Athletics News

Verity Ockenden: “My journey has definitely not been normal”

Verity Ockenden: "My journey has definitely not been normal"

European Indoor 3000m bronze medallist reflects on the challenges she has faced after Olympic rejection, as she prepares to make return at the Night of the 10,000m PBs

Verity Ockenden is back in Highgate next weekend (May 18) as she will make her fifth appearance on the track at Night of the 10,000m PBs.

Since changing her set-up and moving to Italy almost two and a half years ago, the 32-year-old has had great success. Last season, she finished eighth over 5km at the World Road Running Championships and achieved a lifetime best of 15:18 in Riga, Latvia.

Ockenden has since gone quicker on the track and recently clocked a super 15:16.29 over 5000m (May 1) in Modena, Italy.

However, it has not all been plain sailing for the British athlete, opening up about the struggles she’s faced – describing it as ‘putting herself back together’ – as a result of not making the Tokyo Olympic team.

While the On athlete hoped to run both the 5000m and 10,000m in the Japanese capital, she missed out on qualifying and watched Eilish McColgan, Jessica Warner-Judd and Amy-Eloise Neale make the trip instead.

Ockenden has since been on a journey, and with the help from On, now has Paris 2024 in her sights.  The first priority however is Highgate.

Her best time at Night of the 10,000m PBs came last year when she clocked 32:34:16. This time round, with a different training set-up, she hopes to break the 32-minute mark.

AW chats exclusively to Ockenden below:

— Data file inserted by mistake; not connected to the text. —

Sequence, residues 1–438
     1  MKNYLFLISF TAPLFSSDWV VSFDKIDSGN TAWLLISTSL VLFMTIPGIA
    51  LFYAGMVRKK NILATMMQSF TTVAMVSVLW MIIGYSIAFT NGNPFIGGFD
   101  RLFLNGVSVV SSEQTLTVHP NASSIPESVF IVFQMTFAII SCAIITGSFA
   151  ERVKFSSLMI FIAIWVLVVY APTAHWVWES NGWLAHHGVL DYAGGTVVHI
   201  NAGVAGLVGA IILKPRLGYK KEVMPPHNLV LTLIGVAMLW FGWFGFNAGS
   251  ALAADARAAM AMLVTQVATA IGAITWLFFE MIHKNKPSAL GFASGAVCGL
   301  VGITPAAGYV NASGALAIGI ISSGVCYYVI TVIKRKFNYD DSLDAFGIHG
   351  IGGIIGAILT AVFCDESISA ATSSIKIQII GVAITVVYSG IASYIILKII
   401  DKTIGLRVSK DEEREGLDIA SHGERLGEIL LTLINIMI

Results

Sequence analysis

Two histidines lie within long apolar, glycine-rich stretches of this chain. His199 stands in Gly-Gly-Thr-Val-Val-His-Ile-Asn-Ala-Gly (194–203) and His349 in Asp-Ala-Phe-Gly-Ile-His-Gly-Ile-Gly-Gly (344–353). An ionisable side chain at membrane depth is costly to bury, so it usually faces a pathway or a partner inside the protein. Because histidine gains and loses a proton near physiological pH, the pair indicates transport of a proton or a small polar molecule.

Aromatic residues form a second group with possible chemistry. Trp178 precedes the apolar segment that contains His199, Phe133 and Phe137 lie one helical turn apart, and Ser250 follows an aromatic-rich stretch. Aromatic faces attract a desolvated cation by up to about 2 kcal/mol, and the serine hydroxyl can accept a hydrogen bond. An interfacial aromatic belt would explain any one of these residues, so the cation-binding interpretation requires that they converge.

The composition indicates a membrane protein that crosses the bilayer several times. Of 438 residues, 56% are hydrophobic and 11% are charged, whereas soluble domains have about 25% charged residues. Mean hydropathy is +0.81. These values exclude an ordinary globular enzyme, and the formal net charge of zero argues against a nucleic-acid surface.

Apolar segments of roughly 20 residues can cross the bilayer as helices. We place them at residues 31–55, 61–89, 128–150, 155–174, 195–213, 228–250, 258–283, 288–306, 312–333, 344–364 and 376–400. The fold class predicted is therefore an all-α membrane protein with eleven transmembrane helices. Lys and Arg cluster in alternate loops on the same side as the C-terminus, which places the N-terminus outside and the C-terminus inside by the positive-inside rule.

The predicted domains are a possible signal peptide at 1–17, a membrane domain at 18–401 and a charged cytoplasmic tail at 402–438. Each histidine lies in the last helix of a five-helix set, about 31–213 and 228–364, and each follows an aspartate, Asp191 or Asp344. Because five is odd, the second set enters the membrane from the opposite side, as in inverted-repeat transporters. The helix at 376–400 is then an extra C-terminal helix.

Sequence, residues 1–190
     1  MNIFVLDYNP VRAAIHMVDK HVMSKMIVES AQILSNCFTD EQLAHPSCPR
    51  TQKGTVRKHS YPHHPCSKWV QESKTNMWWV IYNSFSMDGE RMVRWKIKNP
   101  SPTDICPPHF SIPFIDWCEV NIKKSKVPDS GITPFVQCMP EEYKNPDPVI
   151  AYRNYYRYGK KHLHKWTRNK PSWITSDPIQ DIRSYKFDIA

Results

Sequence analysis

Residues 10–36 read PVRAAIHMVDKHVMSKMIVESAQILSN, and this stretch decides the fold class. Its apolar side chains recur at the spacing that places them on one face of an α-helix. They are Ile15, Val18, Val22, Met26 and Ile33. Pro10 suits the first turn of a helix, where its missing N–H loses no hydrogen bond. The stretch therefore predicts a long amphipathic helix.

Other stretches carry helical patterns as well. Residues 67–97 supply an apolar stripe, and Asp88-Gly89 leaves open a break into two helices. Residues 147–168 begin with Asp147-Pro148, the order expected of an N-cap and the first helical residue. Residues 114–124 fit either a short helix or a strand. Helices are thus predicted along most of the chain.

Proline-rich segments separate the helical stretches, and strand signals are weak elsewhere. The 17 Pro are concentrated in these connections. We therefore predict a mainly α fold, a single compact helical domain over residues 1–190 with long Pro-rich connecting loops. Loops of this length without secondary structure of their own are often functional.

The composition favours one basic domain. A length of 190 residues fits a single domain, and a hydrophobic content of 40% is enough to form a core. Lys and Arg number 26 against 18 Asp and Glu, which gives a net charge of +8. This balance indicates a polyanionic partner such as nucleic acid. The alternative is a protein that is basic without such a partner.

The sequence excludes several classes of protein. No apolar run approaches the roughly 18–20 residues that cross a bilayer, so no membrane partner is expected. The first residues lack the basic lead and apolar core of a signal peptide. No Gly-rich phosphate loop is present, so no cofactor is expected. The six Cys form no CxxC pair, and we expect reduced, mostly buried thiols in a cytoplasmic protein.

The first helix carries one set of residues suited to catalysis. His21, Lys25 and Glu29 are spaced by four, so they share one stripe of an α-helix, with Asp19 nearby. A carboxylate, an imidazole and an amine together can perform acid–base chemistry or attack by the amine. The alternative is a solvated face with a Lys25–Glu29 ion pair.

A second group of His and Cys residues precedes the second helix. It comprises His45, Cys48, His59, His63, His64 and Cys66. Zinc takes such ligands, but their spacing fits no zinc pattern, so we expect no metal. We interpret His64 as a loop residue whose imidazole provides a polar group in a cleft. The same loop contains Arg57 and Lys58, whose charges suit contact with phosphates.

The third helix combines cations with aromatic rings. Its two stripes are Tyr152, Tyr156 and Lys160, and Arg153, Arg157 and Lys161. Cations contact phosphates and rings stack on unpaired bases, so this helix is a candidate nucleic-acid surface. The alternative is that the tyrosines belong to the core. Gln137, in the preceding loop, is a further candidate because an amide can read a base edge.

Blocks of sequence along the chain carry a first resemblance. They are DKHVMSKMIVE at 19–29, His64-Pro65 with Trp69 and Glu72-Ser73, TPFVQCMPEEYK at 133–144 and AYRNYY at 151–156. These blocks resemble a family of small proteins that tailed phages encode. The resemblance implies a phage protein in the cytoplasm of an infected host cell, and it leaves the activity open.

Verity Ockenden (On Running)

How has the 2024 season been for you so far?

I think from the outside looking in I would say it’s nothing special what I’ve done so far. My first 10km of the year in Valencia was probably the most high-profile road race that I’ve ever done and it went horrifically for me.

So, it was a tough start of the year in January and it really felt like a disappointing run because I felt like my training had been going really well and it felt like the perfect race to show that off. I got quite a bad chest infection which really ruined it and I was then out for a month.

It was one of those scenarios where I should have made the executive decision that I didn’t make and I should have called it [Valencia] off and said I am not ready to race.

It’s really hard to say no to things and so that was a tough lesson to learn that it would have been better for me not to go.

But everything since then, such as running Trafford in 32:01, the Podium 5k event and Cheshire 5km, have all been…

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